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Golf Course Unveils Renovation Plans

The amount of rounds of golf played at H. Smith Richardson Golf Course in Fairfield has become a cause of concern for the Parks and Recreation Department lately, leading to an aggressive 10-year plan to renovate the course. H. Smith Richardson opened in 1972, and has had few updates since. Last month at the RTM approved a $180,000 bond to improve drainage on three holes, but that is just the beginning. In addition, the town has already approved $37,500 to replace the green's roller and a lawn mower that was purchased in 1988.

"The drop-off in rounds was a big alarm for us," said Golf Course Commission Chairman Craig Curley at the Board of Finance meeting earlier this week. "We really feel that we need to reinvest in the course's infrastructure to stem the tide."

Curley told the board that the number of rounds played dropped from 46,000 to 43,000 from 2008 to 2009. In addition, the total fees that the course has brought in is well below what the town originally estimated. As of March 31, the course had brought in around $64,000, almost $35,000 less than expected. With the summer months ahead, the number should balance out somewhat.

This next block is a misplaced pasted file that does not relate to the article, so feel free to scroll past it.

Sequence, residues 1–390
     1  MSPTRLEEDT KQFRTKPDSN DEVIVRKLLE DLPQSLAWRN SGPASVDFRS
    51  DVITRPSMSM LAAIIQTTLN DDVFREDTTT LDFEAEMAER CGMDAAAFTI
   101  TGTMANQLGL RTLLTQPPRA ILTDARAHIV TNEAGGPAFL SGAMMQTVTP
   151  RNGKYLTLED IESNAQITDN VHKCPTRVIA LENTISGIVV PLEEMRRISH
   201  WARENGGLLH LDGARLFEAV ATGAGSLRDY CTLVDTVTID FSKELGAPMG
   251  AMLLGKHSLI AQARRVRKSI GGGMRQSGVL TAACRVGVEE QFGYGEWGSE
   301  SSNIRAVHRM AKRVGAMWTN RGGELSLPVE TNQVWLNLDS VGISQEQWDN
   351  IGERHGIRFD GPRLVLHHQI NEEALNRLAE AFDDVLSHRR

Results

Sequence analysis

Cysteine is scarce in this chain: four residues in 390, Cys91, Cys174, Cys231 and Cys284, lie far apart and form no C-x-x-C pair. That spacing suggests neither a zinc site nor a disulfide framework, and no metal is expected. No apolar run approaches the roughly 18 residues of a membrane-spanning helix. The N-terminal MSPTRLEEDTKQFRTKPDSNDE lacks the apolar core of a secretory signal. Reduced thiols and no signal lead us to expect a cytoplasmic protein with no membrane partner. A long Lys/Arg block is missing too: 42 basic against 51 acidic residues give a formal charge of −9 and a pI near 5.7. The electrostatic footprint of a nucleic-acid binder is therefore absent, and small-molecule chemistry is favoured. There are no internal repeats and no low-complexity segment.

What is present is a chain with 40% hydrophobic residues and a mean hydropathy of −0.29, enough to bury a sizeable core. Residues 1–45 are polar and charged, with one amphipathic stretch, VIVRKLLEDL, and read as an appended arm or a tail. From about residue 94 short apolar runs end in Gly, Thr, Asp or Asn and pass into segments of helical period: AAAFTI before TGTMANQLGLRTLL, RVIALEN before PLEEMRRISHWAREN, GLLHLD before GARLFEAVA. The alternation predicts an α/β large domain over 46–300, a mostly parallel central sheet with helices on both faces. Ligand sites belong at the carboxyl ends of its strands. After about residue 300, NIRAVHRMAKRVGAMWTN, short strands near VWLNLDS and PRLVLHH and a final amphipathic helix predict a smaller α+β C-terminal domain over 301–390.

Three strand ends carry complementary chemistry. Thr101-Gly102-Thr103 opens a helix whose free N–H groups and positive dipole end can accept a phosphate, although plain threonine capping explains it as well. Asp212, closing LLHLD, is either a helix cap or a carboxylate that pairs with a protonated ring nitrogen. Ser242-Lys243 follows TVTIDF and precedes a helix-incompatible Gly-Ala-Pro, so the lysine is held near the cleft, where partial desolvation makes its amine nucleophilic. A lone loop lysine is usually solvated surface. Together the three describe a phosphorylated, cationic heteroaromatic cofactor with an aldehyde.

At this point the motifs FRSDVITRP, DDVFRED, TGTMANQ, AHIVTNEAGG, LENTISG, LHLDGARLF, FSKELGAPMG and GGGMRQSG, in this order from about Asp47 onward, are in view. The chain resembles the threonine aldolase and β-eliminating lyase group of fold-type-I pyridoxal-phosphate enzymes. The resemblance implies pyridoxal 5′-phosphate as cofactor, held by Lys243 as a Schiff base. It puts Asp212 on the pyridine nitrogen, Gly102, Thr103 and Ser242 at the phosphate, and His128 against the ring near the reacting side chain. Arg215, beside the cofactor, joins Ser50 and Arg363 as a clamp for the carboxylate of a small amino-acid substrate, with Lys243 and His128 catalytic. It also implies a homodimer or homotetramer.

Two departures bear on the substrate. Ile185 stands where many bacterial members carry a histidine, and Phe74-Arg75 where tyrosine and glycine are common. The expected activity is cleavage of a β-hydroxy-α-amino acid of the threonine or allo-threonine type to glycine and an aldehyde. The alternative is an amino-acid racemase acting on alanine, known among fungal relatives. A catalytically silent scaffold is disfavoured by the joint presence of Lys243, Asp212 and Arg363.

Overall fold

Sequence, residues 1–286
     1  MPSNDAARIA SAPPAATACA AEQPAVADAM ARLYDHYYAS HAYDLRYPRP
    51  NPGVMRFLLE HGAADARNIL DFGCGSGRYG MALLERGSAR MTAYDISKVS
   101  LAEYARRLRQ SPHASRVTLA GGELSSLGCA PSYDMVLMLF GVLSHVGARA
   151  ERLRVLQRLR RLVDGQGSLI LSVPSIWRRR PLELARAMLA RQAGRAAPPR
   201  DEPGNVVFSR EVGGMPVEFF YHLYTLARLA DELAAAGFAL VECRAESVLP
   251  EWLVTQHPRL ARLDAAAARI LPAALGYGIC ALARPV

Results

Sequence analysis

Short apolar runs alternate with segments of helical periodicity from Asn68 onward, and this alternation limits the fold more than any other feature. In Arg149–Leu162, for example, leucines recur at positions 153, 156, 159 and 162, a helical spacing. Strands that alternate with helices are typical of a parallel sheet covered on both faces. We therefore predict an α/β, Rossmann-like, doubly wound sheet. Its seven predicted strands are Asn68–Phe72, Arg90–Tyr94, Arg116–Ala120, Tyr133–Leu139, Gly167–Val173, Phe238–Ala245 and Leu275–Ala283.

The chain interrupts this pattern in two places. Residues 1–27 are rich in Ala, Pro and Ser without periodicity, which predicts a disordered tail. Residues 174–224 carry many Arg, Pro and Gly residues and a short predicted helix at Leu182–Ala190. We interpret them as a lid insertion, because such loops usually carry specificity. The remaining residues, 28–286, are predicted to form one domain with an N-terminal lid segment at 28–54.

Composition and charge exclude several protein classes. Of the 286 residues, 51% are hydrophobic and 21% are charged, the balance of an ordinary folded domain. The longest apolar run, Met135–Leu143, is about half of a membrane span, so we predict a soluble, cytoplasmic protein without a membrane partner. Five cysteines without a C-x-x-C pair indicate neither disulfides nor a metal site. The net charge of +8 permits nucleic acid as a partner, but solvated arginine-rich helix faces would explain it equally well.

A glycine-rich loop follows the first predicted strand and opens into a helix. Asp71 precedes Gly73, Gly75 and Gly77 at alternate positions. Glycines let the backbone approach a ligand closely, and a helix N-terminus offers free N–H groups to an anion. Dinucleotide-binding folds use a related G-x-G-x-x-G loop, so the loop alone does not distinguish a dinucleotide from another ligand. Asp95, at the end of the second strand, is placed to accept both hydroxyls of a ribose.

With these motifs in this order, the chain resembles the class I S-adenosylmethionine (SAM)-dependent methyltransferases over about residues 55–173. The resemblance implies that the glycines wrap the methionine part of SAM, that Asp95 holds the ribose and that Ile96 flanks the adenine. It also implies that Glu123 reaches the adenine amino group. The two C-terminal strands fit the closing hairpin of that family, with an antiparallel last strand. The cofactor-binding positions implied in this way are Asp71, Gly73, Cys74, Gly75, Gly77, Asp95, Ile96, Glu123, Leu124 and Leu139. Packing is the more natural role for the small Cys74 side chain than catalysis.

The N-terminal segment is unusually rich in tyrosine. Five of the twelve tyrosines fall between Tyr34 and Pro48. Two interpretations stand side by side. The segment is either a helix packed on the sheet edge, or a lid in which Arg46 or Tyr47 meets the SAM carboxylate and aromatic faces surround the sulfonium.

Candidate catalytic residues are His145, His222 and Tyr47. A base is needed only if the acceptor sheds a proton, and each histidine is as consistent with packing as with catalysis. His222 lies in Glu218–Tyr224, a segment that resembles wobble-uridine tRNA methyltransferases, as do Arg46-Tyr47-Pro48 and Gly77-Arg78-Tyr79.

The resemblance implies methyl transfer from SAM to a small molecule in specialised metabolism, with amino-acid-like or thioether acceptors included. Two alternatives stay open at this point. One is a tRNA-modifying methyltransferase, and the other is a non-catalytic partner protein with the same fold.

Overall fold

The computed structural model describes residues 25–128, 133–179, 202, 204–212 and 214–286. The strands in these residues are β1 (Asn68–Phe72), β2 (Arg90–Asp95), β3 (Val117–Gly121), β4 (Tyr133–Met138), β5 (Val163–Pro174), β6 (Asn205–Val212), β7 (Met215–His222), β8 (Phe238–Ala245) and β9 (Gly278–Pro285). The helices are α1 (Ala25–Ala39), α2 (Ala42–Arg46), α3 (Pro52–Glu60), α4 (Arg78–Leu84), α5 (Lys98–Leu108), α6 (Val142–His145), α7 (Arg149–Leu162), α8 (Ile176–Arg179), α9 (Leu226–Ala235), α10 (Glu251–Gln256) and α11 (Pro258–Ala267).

At the RTM meeting last month, members debated whether the drop in fees was due to the economy or the poor condition of the course. Curley said that rounds played had not dropped at a similar pace in surrounding towns.

Curley told the Board of Finance that over the next 10 years the commission will seek funds to modernize the course. According to Curley, many of the bunkers are still the originals, with awful drainage, forcing workers to pump water out of them. The drainage across the course is also failing. Curley told the board: "When you've got standing water on golf holes, it's a problem from a play perspective."

Plans are in the works to improve tee boxes, dredge the ponds on the course, create a new filtration system to wash equipment, perform renovations to the clubhouse and equipment barn, and build a new restroom facility. The whole plan should cost around $4.3 million.

Curley said that the revenue generated from these improvements will pay for the renovations within 10 years, but if not done, the course will end up costing the town even more.

A round of golf on holidays and weekends cost $27 for residents and $54 for non-residents.

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